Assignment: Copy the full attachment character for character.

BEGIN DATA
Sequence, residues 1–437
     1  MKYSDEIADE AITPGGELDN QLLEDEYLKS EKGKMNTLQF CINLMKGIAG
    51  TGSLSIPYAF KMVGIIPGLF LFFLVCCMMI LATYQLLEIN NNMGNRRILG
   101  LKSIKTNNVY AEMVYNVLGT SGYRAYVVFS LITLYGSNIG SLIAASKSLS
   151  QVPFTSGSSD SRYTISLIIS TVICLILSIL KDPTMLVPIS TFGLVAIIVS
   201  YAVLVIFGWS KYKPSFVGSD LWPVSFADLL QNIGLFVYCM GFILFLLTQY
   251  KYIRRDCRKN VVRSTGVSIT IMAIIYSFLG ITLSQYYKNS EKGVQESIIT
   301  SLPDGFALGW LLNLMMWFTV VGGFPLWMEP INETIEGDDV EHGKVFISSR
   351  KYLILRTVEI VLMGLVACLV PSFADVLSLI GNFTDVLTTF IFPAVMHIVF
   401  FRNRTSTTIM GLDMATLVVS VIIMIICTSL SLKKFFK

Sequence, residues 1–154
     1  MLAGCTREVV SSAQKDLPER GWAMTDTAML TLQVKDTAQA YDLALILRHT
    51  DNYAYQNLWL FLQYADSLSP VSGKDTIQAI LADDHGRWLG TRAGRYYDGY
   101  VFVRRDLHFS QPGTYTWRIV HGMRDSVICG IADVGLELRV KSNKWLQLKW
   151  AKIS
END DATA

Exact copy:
Sequence, residues 1–437
     1  MKYSDEIADE AITPGGELDN QLLEDEYLKS EKGKMNTLQF CINLMKGIAG
    51  TGSLSIPYAF KMVGIIPGLF LFFLVCCMMI LATYQLLEIN NNMGNRRILG
   101  LKSIKTNNVY AEMVYNVLGT SGYRAYVVFS LITLYGSNIG SLIAASKSLS
   151  QVPFTSGSSD SRYTISLIIS TVICLILSIL KDPTMLVPIS TFGLVAIIVS
   201  YAVLVIFGWS KYKPSFVGSD LWPVSFADLL QNIGLFVYCM GFILFLLTQY
   251  KYIRRDCRKN VVRSTGVSIT IMAIIYSFLG ITLSQYYKNS EKGVQESIIT
   301  SLPDGFALGW LLNLMMWFTV VGGFPLWMEP INETIEGDDV EHGKVFISSR
   351  KYLILRTVEI VLMGLVACLV PSFADVLSLI GNFTDVLTTF IFPAVMHIVF
   401  FRNRTSTTIM GLDMATLVVS VIIMIICTSL SLKKFFK

Sequence, residues 1–154
     1  MLAGCTREVV SSAQKDLPER GWAMTDTAML TLQVKDTAQA YDLALILRHT
    51  DNYAYQNLWL FLQYADSLSP VSGKDTIQAI LADDHGRWLG TRAGRYYDGY
   101  VFVRRDLHFS QPGTYTWRIV HGMRDSVICG IADVGLELRV KSNKWLQLKW
   151  AKIS